The ocean organism possibly most vulnerable to temperature change is coral.
Temperature is critical to reef building and controls the rate of coral reef growth. There is evidence that reefs will bleach (eject their symbiotic algae) at even a slight persistent temperature rise. Bleaching slows coral growth, makes them susceptible to disease, and can lead to large-scale reef die-off.
As a result of this prolonged increase in sea surface temperatures, the Great Barrier Reef has recently experienced a number of coral bleaching events. The most severe mass bleaching events spanned the summer seasons of 1997-98 and 2001-02, with over 50 per cent of reefs affected by bleaching, resulting in lasting damage to an estimated 5 per cent of reefs.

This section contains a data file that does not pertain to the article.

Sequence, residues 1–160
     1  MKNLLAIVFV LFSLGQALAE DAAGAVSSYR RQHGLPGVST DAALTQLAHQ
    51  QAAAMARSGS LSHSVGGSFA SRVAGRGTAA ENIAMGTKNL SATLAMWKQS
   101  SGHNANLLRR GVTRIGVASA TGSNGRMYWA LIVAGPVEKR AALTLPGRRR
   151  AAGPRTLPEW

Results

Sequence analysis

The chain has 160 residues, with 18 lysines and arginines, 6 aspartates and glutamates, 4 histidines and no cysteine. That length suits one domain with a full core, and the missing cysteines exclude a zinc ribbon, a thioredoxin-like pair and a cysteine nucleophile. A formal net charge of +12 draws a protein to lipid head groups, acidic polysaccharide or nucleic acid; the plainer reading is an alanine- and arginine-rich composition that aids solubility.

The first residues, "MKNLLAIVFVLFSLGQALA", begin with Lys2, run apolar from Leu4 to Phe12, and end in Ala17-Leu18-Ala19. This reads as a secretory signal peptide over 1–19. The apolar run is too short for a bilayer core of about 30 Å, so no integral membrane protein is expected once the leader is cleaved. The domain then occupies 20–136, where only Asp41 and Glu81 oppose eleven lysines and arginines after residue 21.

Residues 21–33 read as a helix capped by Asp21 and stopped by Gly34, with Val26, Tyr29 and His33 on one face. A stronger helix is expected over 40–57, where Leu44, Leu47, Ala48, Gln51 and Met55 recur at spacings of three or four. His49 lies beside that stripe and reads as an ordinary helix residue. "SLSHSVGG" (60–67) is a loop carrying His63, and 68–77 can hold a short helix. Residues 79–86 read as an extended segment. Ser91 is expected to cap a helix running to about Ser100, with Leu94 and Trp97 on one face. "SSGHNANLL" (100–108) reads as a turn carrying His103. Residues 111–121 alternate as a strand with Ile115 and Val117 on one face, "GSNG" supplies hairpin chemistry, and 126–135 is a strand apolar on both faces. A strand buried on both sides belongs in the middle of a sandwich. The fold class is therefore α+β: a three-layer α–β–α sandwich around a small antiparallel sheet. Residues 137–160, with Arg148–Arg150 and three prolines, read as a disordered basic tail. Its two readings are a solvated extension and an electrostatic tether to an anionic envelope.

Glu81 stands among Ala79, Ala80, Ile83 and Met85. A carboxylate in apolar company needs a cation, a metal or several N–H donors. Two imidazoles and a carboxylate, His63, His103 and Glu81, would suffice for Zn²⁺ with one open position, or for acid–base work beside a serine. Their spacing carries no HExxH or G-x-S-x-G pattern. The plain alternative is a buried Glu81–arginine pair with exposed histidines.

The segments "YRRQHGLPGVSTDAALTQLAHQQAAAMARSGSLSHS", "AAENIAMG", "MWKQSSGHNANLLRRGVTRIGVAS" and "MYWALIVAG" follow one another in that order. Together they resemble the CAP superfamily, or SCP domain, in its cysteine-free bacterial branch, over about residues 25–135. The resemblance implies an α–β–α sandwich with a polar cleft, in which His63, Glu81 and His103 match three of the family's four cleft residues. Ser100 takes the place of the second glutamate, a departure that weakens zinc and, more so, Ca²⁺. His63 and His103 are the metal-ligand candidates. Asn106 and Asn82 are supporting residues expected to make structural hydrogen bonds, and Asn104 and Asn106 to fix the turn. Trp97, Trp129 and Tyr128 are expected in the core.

Rising sea surface temperatures are projected to result in more frequent and widespread coral bleaching events. An increase of more than 2°C would place 34 per cent of coral reefs above the critical limit for bleaching, and a temperature increase of around 3°C would lead to 65 per cent of coral reefs being above the critical limit for bleaching. Bleaching events are likely to diminish the ability of corals to recover and adapt, seriously threatening the ecosystem of the Great Barrier Reef.